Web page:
A summary of commonly used models are:[5]

Commonly used models
Model name distribution of y Link function between y and u distribution of u Link function between u and v
Normal conjugate Normal Identity Normal Identity
Binomial conjugate Binomial Logit Beta Logit
Poisson conjugate Poisson Log Gamma Log
Gamma conjugate Gamma Reciprocal Inv-gamma Reciprocal
Binomial GLMM Binomial Logit Normal Identity
Poisson GLMM Poisson Log Normal Identity
Gamma GLMM Gamma Log Normal Identity

Fitting the hierarchical generalized linear models[edit]

Hierarchical generalized linear models are used when observations come from different clusters. There are two types of estimators: fixed effect estimators and random effect estimators, corresponding to parameters in : 
\eta = \mathbf{x}\boldsymbol\beta
 and in 
\mathbf{v(u)}
 , respectively. There are different ways to obtain parameter estimates for a hierarchical generalized linear model. If only fixed effect estimators are of interests, the population-averaged model can be used. If inference is focused on individuals, random effects will have to be estimated.[3] There are different techniques to fit a hierarchical generalized linear model.

Examples and applications[edit]

Hierarchical generalized linear model have been used to solve different real-life problems.

Engineering[edit]

For example, this method was used to analyze semiconductor manufacturing, because interrelated processes form a complex hierarchy.[6] Semiconductor fabrication is a complex process which requires different interrelated processes.[7] Hierarchical generalized linear model, requiring clustered data,is able to deal with complicated process. Engineers can use this model to find out and analyze important subprocesses, and at the same time, evaluate the influences of these subprocesses on final performance. [6]

Business[edit]

Market research problems can also be analyzed by using hierarchical generalized linear models. Researchers applied the model to consumers within countries in order to solve problems in nested data structure in international marketing research.[8]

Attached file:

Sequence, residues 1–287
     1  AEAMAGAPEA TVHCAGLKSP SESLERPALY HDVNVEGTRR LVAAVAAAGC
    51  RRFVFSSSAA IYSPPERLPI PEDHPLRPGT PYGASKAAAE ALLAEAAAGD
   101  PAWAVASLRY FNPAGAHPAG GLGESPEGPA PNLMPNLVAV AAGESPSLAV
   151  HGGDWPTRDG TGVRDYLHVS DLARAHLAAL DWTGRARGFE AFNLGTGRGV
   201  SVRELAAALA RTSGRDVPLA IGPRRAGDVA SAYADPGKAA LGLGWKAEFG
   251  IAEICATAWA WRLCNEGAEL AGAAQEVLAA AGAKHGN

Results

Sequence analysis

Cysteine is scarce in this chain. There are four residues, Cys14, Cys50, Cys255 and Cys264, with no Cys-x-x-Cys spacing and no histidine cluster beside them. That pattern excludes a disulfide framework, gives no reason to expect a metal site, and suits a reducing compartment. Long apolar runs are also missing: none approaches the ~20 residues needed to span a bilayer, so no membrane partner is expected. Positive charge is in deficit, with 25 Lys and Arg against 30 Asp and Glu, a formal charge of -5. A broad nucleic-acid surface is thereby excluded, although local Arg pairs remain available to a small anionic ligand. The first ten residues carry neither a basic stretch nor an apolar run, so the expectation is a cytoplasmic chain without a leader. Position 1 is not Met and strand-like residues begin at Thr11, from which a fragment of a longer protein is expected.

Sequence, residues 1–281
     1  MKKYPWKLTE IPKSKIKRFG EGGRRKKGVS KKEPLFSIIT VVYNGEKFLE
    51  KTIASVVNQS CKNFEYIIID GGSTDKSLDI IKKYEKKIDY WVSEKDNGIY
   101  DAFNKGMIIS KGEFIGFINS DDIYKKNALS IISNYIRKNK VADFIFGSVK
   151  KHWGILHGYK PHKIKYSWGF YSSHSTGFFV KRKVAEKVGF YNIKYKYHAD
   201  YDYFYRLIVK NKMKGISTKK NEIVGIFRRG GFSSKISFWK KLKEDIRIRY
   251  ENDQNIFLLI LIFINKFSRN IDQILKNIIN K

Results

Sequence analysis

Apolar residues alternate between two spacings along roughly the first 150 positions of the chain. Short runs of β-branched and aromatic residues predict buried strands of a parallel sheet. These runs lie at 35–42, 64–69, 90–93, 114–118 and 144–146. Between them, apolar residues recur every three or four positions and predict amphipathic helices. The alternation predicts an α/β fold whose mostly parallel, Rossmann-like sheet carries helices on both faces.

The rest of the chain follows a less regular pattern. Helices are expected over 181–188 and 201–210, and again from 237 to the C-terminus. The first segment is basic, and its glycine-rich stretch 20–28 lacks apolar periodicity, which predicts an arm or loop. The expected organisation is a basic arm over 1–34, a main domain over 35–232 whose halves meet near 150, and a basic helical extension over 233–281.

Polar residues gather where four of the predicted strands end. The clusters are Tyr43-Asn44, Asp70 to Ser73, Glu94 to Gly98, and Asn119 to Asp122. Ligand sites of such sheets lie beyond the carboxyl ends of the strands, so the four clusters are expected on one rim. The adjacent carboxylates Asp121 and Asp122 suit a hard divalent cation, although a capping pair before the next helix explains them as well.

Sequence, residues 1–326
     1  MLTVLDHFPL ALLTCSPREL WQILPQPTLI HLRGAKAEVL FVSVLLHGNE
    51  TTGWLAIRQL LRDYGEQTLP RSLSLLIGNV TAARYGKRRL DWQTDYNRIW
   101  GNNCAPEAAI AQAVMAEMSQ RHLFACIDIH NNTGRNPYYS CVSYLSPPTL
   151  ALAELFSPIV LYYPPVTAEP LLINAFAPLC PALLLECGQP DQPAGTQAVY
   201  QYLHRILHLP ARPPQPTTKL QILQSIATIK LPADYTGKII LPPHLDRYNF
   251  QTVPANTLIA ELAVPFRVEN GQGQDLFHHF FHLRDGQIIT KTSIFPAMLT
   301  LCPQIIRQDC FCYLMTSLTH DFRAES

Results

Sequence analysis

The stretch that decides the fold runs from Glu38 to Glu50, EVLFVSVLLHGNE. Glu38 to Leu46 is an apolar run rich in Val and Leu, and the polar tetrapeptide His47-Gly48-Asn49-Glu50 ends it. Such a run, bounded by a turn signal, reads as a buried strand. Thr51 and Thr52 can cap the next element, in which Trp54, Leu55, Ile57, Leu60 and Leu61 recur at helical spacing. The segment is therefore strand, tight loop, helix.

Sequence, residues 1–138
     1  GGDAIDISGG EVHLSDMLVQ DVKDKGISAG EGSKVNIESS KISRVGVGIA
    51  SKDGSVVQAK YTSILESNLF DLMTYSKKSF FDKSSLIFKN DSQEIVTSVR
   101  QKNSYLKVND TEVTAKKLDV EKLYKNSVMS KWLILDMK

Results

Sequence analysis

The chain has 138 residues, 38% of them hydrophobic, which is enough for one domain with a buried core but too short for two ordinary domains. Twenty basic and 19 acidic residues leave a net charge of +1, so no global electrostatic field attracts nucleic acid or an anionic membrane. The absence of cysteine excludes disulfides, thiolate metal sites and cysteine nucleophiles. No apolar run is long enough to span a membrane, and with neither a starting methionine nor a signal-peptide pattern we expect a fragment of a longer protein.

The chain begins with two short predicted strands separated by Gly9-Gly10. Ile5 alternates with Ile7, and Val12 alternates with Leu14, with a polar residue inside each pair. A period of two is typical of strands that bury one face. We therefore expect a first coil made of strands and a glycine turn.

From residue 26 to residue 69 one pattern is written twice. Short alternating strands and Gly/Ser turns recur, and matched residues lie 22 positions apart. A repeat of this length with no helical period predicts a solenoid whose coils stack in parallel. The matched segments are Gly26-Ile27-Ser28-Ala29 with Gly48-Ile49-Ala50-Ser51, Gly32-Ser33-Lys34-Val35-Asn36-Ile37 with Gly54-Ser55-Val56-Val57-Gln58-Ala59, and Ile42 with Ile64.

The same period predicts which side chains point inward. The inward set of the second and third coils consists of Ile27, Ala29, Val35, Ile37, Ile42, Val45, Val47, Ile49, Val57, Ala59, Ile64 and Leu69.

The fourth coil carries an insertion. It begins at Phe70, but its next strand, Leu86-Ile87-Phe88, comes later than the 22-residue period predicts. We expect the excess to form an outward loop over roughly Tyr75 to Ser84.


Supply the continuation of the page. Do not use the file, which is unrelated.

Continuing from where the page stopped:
References[edit]

  1. ^ Generalized Linear Models. Chapman and Hall/CRC. 1989. ISBN 0-412-31760-5. 
  2. ^ a b c d e f g Y. Lee and J. A. Nelder (1996). "Hierarchical Generalized Linear Models". Journal of the Royal Statistical Society, Series B. Vol. 58, No. 4: 619–678. JSTOR 2346105. 
  3. ^ a b c Agresti, Alan (2002). Categorical Data Analysis. Hoboken, New Jersey: John Wiley & Sons, Inc. ISBN 0-471-36093-7. 
  4. ^ Allman, Elizabeth S.; Matias, Catherine; Rhodes, John A. (2009). "Identifiability of Parameters in Latent Structure Models with Many Observed Variables". The Annals of Statistics. Vol. 37, No. 6A (6A): 3099–3132. arXiv:0809.5032. Bibcode:2008arXiv0809.5032A. doi:10.1214/09-AOS689. 
  5. ^ Lars Rönnegård, Xia Shen and Moudud Alam (Dec 2010). "hglm: A Package for Fitting Hierarchical Generalized Linear Models". The R Journal. Vol. 2/2. 
  6. ^ a b Naveen Kumar, Christina Mastrangelo, and Doug Montgomery (2011). "Hierarchical Modeling Using Generalized Linear Models". Quality and Reliability Engineering International. 
  7. ^ Chung Kwan Shin; Sang Chan Park (2000). "A machine learning approach to yield management in semiconductor manufacturing". International Journal of Production Research 38 (17): 4261–4271. doi:10.1080/00207540050205073. 
  8. ^ Burcu Tasoluk, Cornelia Dröge, Roger J. Calantone (2011). "Interpreting interrelations across multiple levels in HGLM models: An application in international marketing research". International Marketing Review. Vol. 28 Iss: 1: 34–56. doi:10.1108/02651331111107099.